I am posting my experiences at the recent European Patchwork Meeting, held in a series of four small towns in the Alsace region of France. The town of Saint Marie-aux-Mines, the main venue, had many places to find quilts:
The poster above links to the numbers in the map. Once we left the L’Espace Commercial, we walked across the street to the Theater, where two sets of quilts curated by two different women provided a study in contrasts.
One set of quilts, by collector Mary Koval, was exhibited on the ground floor of a beautifully restored old theater, which you can just see from around the edges of some of my photos. This set of quilts were all American antique quilts.
The other woman (from France) is Lea Stansal, who mounted a one-woman exhibit titled La Broderie d’embellissement, which can be roughly translated to The Embroidery of Embellishment. Her biographical statement from her blog (which I used Google Translate to read) says:
“Trained at Met Penningen’s Higher School of Decorative Arts and Interior Architecture.After twenty years in the world of fashion as a textile designer, Léa Stansal decides to explore and deepen more traditional aspects such as patchwork and embroidery.
“Since then, with a thread and a needle, she has created a poetic and original work, which is widely exhibited in the world and has given rise to the publication of half a dozen books of art.”
None of these are titled, and it flattens them out to put them on this digital medium; I wish you could have seen them in person. They were wild and embroidered and free and filled with a happiness of creativity. I think if I could spend 10 minutes in her studio, I’d break all those Rules of Quilting that I carry around inside me.
I kept thinking about how the Pied Piper had charmed all the little tin soldiers. Was this a statement about war? About peace? I’ll never know, but I’m still thinking about it.
Detail from above. The layers! The collage! The broderie perse! I kept sighing.
I love how the deer and its antlers are in this piece, but not in the static, overused version we see in America. Shall we turn some quilts on their heads?
My husband, who loves symmetry in all its forms kept sighing, too, as he admitted that this just wasn’t his type of quilting. Mine, neither, but I kept admiring that freedom to create, a freedom that was a delicious anarchy of cloth and threads.
We headed downstairs to Mary Koval’s antique quilts, in an exhibit titled “Piece by piece, our life with quilts.”
I had carefully included the identifying titles in my photos, but back home, found I couldn’t read them most of them. The quilts range from the late 1800s to the early 1900s.
Pickle Dish quilt, from the 1920s.
I liked the juxtaposition of these two–the orange-clad guard and the riotous early-American quilt.
I liked the embroidery detail on this little Uncle Sam. a quilt from the 1920s.
One of my favorites of the antiques because of its exuberance. The name “Rev. and Mrs. (?) S. Harvey” is on the first line, with “Park Methodist Episcopal Church” on the second. “Circle No. 5 1937” on the third line.
Made from silks.
We weren’t allowed to touch the quilts (of course!) so I held my hand up to show how tiny those triangles are. This quilt is from Berks County, Pennsylvania, but I don’t have a date.
I’m sure all these quilts are from their new book. Info can be found on their website.
Now we were hungry, so we found this little “cafe” in the back of the theater, with fabulously dressed servers.
Although the flowers were pretty tired, I loved the attempt at patchwork on the vase, with bits of cloth glued to the glass.
And this, folks, was the traditional Alsace salad with bretzel (with a “b”). My husband ordered this, but I went mainstream with the ham sandwich (below). They were doing an active business, so we hurried and ate and went back out hunting quilts.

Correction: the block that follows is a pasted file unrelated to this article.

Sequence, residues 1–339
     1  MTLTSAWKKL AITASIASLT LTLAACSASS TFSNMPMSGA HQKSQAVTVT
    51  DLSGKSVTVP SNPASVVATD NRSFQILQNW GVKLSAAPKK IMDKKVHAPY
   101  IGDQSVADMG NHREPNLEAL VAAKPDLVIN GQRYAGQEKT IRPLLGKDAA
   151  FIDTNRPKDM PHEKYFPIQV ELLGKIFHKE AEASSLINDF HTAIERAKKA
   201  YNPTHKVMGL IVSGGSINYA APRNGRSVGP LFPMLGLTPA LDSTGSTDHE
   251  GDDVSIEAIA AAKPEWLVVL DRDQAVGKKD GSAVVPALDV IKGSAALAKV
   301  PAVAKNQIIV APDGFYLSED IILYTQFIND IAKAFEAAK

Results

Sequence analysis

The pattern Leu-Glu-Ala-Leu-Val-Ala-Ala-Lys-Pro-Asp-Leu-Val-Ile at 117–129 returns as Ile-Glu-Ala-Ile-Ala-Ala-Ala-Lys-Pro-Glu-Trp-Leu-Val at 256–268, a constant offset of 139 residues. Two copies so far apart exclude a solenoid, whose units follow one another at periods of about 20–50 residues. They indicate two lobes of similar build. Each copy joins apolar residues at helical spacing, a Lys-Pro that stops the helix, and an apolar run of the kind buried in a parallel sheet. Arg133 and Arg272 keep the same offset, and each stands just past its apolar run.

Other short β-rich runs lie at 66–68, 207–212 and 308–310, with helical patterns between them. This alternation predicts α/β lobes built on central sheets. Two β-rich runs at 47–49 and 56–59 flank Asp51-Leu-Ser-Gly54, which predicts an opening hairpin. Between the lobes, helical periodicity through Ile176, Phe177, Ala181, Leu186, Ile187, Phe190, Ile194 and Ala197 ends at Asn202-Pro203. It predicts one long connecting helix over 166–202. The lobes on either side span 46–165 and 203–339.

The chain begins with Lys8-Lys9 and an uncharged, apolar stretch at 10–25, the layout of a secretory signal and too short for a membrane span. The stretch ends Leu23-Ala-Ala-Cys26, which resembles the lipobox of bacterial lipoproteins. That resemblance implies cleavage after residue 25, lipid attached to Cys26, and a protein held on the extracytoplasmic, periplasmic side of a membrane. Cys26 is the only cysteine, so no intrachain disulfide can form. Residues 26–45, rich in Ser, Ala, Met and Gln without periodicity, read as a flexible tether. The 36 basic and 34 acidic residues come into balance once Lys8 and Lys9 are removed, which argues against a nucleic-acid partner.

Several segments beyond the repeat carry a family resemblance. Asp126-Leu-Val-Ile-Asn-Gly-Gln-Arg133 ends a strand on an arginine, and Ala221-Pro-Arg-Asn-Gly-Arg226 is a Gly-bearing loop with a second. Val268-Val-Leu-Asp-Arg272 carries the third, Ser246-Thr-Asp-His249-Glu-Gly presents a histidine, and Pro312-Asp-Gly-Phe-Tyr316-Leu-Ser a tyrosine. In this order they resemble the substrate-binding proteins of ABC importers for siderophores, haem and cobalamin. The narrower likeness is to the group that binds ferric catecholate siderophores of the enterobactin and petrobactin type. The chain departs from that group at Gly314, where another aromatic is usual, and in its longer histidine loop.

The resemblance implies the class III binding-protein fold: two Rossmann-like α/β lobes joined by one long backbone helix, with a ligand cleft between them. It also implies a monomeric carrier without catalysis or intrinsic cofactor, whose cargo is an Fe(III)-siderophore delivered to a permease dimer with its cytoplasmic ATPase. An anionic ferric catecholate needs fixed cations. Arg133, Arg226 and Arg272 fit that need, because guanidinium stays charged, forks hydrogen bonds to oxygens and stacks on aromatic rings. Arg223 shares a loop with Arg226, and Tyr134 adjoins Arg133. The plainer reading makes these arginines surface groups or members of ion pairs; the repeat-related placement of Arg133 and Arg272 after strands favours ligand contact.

How’s that for a title? This post is all about the official competition of the Patchwork Meeting, and I have a sampling of the quilts in the contest. I purchased the Catalogue from the organizers and it was interesting that it is printed in three languages: French, German and English (yippee!). The contest theme this year was “Journey to the End of the World” and all the quilts were to be 35″ wide by 47″ inches tall. This was the first indication that it would be a different type of competition than I had been used to seeing in the States.
I realized quickly that this would represent all different nationalities, cultures, countries, skill levels (generally really high) and all types of construction. I chose to notice not only their interpretation of the theme, but also the how and the why they chose to use the materials and techniques they did, always hoping to learn something new. These quilts are in no particular order. You can note the winners by the small rosettes in the lower right corner.
Tatiana Varshavskaya’s In the Beginning. She is from Hungary.
Her artist’s statement wrote from the perspective on a three-year old, with “continents to conquer, horizons to overcome. Free, without anchors or restraints, you venture forever in the infinity of childhood’s imagination.” She finishes by writing “You are three years old, and sail to the unknown with a paper boat.”
Small Boat, Small Trip, by Sandra Van Velzen of The Netherlands. She writes “Not so long ago the length of your trip depended on the size of your means of transport. Nowadays planes and the internet seem to make the world smaller and the trip longer.”
Gabriele Yoeller, from Germany, created Finistere evoking “France, Bretange…where the sun goes down and the land ends. Even the Romans called this land: ‘Finis terrae.’ Before you: only water. Is there something else? New worlds…or a monster?”
A quilter from Spain, Eva Arrelano Martin created Into the Deep, an “homage to the effort of thousands of workers who spent and sometimes lost their lives in the their trip into the [great cavity] of the world.”
Two Americans, Jim Smith & Andy Brunhammer made “June 19th,” celebrating Andy’s birthday Their artists’ statement notes that “We are both long-term HIV-survivors, and our end of the world has always been just around the corner. We chose Kaieteur Falls in Guyana [where Jim’s father grew up] as the background. . . Our arm is reaching out with the cascading red ribbon symbolizing the flow or our blood. The clusters of pills are our life-force.”
Esodo, by Angela Minaudo of Italy says that “The work represents the journey of those who run from the land in search of a better life, towards other lands, other worlds, towards the end of their world and often toward the end of their lives.” Esodo means “exodus.”
A Japanese quilter, Chiaki Yagishita, made Japon. Her statement read “I think ‘creation’ and ‘infinity’ equals ‘silence.’ There is ‘silence’ in Japan and it is beautiful. This work expresses ‘Japanese blue’ [or] ‘the silent world.’ ”